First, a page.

The band relies heavily on connections they have in areas they are gigging. They are able to play certain venues or art studios because someone will know who they are. Touring in a specific location is a lot cheaper if they are able to crash at a friend’s place and score some free meals.

The mini tour’s purpose had been about ‘planting seeds’ as Quinlan put it. Carbon Mirage hopes to come back in the fall and play many of the same cities, except with their new album as their secret weapon. Their first album was tracked in one day and then mixed. They foresee more post-production for the making of their second album, including some droning vocal parts, adding a new element to their music. They have also pondered the idea of featuring another instrument on the new recordings, when so far it has just been guitar, bass and drums.

“You have to get the right musician who can sort of match that feel of what we are doing,” Quinlan said.

Adding another musician poses the challenge of integrating another musical opinion into the mix.

“After two years you kind of develop your own vocabulary, and learn how to build things up and take them down. The longer we are playing as a trio the more tight it gets, and it’s harder to get another person into that habit,” Petraglia said.

In addition to the new album the band is planning to start a video series that includes a few covers mixed in with originals. The videos would feature a variety of singers, mostly, that the band works with from time to time. The plan is to begin the video serious around August, going into September.

When it comes to writing, the band uses various methods of collaboration. Most of their songs include an A, B and C section; sometimes Clayton will try and come up with an arrangement, but he leaves it open for the others to add their creative aspects to the piece. He uses his IPhone to record memos of different ‘sketches’ he comes up with.

“A lot of times I’ll wake up with an idea and hash it out. It seems like going to bed and waking up, is the time when things come to me,” Clayton said, “and then learning to flesh that out and find some continuity in it.”

Their first album contains a lot of material that was written during their college years, and the band is confident that the new album will reflect how they have evolved as musicians since then.

“We have been playing a lot, and writing a lot and arranging a lot,” Quinlan said. “Its been a process, especially playing it all live to see where the songs want to go, so this next album will be the product of a lot of time spent working on this music. It’s going to be much more of our sound.”

A lot of their rehearsal time is spent trying to figure out if the progression and flow of a song works. Petraglia noted that there is a great amount of trust shared between the band members when writing music.

“Its really set up like a big obstacle course and its like we’re bound to fail, but its so fun,” he said. “Its trust, and sometimes maybe somebody will throw in something that your not expecting, or that you wouldn’t necessarily put there, but I trust exactly what they’re doing, and its out of my hands.”

As the group moves forward in their career it becomes increasingly important to relate with their target audience. They recently added a new, monthly feature to their blog titled, “Carbon Curated,” where they choose a musician or record that has been influencing them, or just something they enjoy listening to.

http://carbonmirage.com/2014/05/05/launching-today-carbon-curated-vol-1/

“[Carbon Curated] is good for us to talk about what we love, being music, and to also round out our sound for people who aren’t familiar with what we’re doing,” Quinlan said.

Readers will be able to see other artists they might have a previous connection with, allowing outsiders to understand where Carbon Mirage is coming from musically.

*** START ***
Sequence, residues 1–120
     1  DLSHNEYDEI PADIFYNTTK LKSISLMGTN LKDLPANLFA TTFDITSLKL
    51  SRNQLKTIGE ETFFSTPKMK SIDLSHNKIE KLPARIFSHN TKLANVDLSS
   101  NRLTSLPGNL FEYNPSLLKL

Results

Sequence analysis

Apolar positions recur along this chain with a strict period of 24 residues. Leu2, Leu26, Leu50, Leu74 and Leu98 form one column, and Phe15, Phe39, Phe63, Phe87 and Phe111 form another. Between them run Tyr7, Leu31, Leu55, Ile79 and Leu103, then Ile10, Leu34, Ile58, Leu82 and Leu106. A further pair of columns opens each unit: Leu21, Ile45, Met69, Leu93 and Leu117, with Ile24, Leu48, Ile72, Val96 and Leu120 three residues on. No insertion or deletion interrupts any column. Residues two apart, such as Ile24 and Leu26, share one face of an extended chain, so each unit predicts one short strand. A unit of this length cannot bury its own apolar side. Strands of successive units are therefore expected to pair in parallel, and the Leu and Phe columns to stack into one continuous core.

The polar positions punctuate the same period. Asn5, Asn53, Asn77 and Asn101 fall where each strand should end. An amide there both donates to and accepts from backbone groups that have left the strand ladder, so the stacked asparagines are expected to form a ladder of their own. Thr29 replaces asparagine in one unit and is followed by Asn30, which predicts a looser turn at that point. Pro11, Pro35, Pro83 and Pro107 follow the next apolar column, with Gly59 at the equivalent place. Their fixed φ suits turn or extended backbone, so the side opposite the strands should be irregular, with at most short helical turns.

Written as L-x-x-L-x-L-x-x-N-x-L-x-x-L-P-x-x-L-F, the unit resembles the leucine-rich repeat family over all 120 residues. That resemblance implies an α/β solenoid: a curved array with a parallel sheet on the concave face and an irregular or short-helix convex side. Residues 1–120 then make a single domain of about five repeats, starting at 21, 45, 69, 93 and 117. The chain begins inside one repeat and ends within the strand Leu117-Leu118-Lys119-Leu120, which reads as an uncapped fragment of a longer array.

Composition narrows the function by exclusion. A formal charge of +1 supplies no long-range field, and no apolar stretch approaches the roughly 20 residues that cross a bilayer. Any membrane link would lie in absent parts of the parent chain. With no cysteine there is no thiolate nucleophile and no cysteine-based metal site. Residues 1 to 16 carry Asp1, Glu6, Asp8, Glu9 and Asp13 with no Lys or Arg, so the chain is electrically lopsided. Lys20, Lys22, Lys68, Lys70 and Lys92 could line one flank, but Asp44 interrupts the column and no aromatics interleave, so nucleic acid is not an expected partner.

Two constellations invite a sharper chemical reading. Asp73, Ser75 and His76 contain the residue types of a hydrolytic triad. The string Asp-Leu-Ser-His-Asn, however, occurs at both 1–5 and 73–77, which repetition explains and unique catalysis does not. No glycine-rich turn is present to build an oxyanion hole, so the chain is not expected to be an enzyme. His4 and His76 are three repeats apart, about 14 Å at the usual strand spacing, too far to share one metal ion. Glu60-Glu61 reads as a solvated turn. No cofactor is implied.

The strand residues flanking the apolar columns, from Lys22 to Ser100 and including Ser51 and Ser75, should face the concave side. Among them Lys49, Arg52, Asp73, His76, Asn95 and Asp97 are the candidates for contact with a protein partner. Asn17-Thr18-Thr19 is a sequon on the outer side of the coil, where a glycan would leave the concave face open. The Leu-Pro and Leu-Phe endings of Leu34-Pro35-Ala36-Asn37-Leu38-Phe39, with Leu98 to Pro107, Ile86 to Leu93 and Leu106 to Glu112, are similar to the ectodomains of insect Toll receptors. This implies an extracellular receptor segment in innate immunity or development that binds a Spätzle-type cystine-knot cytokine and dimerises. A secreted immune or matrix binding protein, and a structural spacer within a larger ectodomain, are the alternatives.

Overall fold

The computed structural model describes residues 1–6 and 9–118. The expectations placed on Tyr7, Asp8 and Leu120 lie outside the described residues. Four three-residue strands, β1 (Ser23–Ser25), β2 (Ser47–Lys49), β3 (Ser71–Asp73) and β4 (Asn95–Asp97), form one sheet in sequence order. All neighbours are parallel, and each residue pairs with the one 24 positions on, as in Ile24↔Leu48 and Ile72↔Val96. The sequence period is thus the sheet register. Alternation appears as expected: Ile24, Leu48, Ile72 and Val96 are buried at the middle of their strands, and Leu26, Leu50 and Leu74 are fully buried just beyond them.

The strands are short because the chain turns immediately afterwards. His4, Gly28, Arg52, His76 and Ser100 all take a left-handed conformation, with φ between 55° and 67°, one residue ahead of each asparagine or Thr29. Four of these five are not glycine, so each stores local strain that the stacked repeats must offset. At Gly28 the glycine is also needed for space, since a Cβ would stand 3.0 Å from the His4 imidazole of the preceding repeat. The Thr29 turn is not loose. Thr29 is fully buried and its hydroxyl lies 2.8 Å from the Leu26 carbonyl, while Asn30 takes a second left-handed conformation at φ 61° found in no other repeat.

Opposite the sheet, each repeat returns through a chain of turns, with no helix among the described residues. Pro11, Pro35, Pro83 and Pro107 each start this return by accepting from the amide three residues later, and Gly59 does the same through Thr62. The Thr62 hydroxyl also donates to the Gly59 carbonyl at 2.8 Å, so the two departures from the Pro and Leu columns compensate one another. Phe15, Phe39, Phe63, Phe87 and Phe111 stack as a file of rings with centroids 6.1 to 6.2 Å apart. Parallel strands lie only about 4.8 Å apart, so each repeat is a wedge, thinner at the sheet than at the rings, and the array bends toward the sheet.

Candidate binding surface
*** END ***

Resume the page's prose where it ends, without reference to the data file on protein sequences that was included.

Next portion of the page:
Looking towards the future, Carbon Mirage doesn’t plan on sitting still for quite a while. A European tour is something they all share as a common goal, while continuing to build their fan base in the North East.

“Life on the road is kind of all I want,” Petraglia said.

Currently, the three band members spend part of their time working for other musicians, being hired for a gig or playing on someone else’s record.

“I personally feel like I’m towing the line between being an artist and being a sideman,” Clayton said.

They hope to someday be completely self-sustained as a band, remaining unavailable for hire for long periods of time.

Keep a look out for this band over the next year as they release their new album, and continue to play around the Northeast. Carbon Mirage is a must see for those who have an appreciation for free form, and creative style jazz. - Music Industry East


There’s something incredibly understated about instrumental music. Yes: The human voice is an extraordinary machine, probably the most versatile instrument ever. But vocal music tends to be repetitious, bound to familiar structures and contained by tradition. Organized sound, divorced from the human voice, might capture a sense of reckless abandon, a driving spontaneity that’s without structure and without limits. Such is the case with Carbon Mirage and their newly released single “Castle Greyskull,” the Brooklyn based trio’s first offering since their sophomore album The Peak last fall. The heavy, soul-stirring groove picks up with Carey Clayton’s lone ripple of electric guitar before the frenzy unfolds. The rollicking momentum sprawls throughout the four-minute track, supported by Ricky Petraglia incessantly shuffling drums and the fiery, fleeting intensity of James Quinlan’s bass guitar. Midway through the song, when the three virtuosic musicians break their silence and chant “Stranded,” it just confirms how little needs to be said to get their point across. The line is something of a paradox, though, because the raucous, freewheeling energies on “Castle Greyskull” sound anything but. - Indie Current


Discography

Still working on that hot first release.

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Bio

Listening to Carbon Mirage — on stage or otherwise — you can’t help but be moved. The band’s sound, a collision of both rock and jazz, takes the listener to another world, be it a soft day dream or a stirred adventure.

An unexpected mixing of melodies, Carbon Mirage’s sound is big and full. With influences ranging from Radiohead to Miles Davis, Sun Ra to Jimi Hendrix, each track moves in dynamic waves and always manages to get people on their feet. 

Based in New York City, the band has performed at some of the most iconic venues, including: Mercury Lounge, Rockwood Music Hall, Pianos, Spike Hill, Pete's Candy Store, Spin NYC, Silvana, Shrine, and other local galleries and festivals.

The band’s second full-length album, “The Peak” was released on October 23rd, 2014 and is available for purchase on iTunes.

Band Members